I am a middle-aged woman who recently shaved her head and I am continually astonished by the reactions – both spoken and unuttered. Occasionally someone will ask me if I am a cancer survivor. I am not. I shaved my head because I was plagued by stubborn bald spots which resisted all my efforts to grow more hair. I’ve received positive feedback and heartwarming compliments. The typical reaction is silence – the other person is determined to act as if my bald pate is invisible. It isn’t. In these instances people either don’t know what to say or feel an inquiry is in really bad taste. They aren’t.

Theresa-Bennett-Wilkes-saved my head

I am approximately 5’2” in my bare feet -anyone more than a few inches taller than me had full view of my thinning scalp. They could see the defiantly hairless patches of my crown surrounded by areas of limited growth. It wasn’t a pretty sight. It did nothing to enhance my features and I was beginning to fret about my circumstances.

I dyed and tinted my hair for more than twenty-five years. Toward the end of this period, my daughter, who was born after I began coloring my locks, warned me my hair would start coming out if I didn’t give it a chemical break. I heard her – I did – but as the saying goes, old habits die hard. I viewed unbleached hair as detrimental to my self-image. A year of sustained losses helped me rethink my position. Between November 2000 and December 2001, my family and I lost seven relatives. My father’s passing was the second death during this period and thereafter my mother was literally hopping on and off planes to attend home going services across the United States and British Columbia, Canada.

Daddy died of complications following heart bypass surgery. He didn’t get out of the hospital. Anyone who has lived through a death watch knows how intense it is, particularly as the days drag on bringing hopeful moments, anguish and grief.

My hair couldn’t take the pressure. I quit dyeing and relaxing it. I tried the hot comb for a minute then went natural. I loved it! The change seemed beneficial and it appeared my scalp was thriving. No new hair grew in the bald spots but I was unfazed.

Several years ago I began to view my hair differently. It was rapidly disappearing and the hairless patches were getting wider. I decided I needed to do something, but what? I began discreetly discussing the possibility of getting a wig. Notice I didn’t say anything about wearing one. The act of purchasing fake hair to cover my own represented a gargantuan step for me. Whenever the subject of hair came up, I glibly asserted my intention of buying a wig. It was an unranked priority on an unwritten to do list. This one-sided conversation continued until a few months ago when, once again, I found myself thinking very seriously about doing something.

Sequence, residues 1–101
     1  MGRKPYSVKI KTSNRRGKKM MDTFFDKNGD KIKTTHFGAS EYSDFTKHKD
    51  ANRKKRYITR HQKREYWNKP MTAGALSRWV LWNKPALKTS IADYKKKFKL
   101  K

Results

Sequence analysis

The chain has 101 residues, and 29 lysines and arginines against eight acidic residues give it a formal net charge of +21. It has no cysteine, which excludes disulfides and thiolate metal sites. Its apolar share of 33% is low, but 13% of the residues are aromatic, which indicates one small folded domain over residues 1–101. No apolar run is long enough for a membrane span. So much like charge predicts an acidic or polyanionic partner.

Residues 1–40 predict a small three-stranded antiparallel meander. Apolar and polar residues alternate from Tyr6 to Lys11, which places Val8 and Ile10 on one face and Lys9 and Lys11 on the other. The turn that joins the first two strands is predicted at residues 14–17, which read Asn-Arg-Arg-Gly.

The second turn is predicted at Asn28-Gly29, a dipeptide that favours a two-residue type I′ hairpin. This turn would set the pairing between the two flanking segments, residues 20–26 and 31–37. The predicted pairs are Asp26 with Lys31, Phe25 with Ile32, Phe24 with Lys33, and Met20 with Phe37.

I began methodically contemplating my options: (a) purchasing a wig; (b) getting a weave; (c) getting braids. I finally admitted I wasn’t going the wig route. I couldn’t see myself wearing one. I didn’t find the prospect of a weave appealing. Initially I settled on braids or possibly dreds. The more I considered this possibility the more unlikely it seemed. I couldn’t justify the cost of the hair or the price to have it intertwined with mine. I dreaded the thought of spending hours in the chair having the work done and I wondered how it would look. What about the bald spots? What would maintenance involve? Slowly my eagerness for a sculpted, sophisticated braided do began to dissipate. It wasn’t feasible on so many levels.

While weighing the pros and cons of my choices, a voice popped into my head with a simple but profound suggestion: cut it all off. Wow! What a novel idea. It made good sense although I was hesitant. I decided to think about it and concluded a deal with myself: I’d give myself six weeks to mull it over. If the urge was still strong, I’d do it. I’d take that leap of faith. My target date was May 10, 2013. I was unable to get to my barber on the tenth but by then I was committed. I could see myself with a shaved head. I was ready to be rid of the hair I had left. I wanted to make this move.

Saturday morning, May 11th, I set out for my barber’s shop. I felt like I was on a mission. I had to see this thing through. What would my shaved noggin look like? Would it be round and smooth? Did I have unsightly bumps and lumps populating the ridges? Did I have the guts to let her cut it all off? The reality of my decision hit home with a bone chilling finality as I sat in her chair and uttered those memorable words.

“How you doing today?” She inquired as she always does while preparing to cut my hair.

‘I’m fine,” I assured her.

“How do you want it?”

“Cut it all off,” I instructed as evenly as possible. I was feeling giddy.

“Cut it all off?” She repeated, looking me in the eyes.

“Cut it all off,” I affirmed.

“All off,” she repeated once more for good measure.

“All off,” I reaffirmed.

“Okay,” was all she said as she began cutting and shaving.

I was amazed by her handiwork. There I stood, no hair, and I liked what I saw. I knew I had an adjustment to make but I felt free…liberated…empowered. This was a life-changing decision and I felt so good about it. While I didn’t think of what I did as a fashion statement, it is. I shaved my head – I can do that!

Originally published on www.afterwriterdreams.com.

©September 28, 2015 and June 22, 2013 by Theresa Bennett-Wilkes. All rights reserved.

Theresa Bennett-Wilkes
Literary writing is my passion. When I put pen to paper, I am in my element and life is good. Theresa Bennett Wilkes

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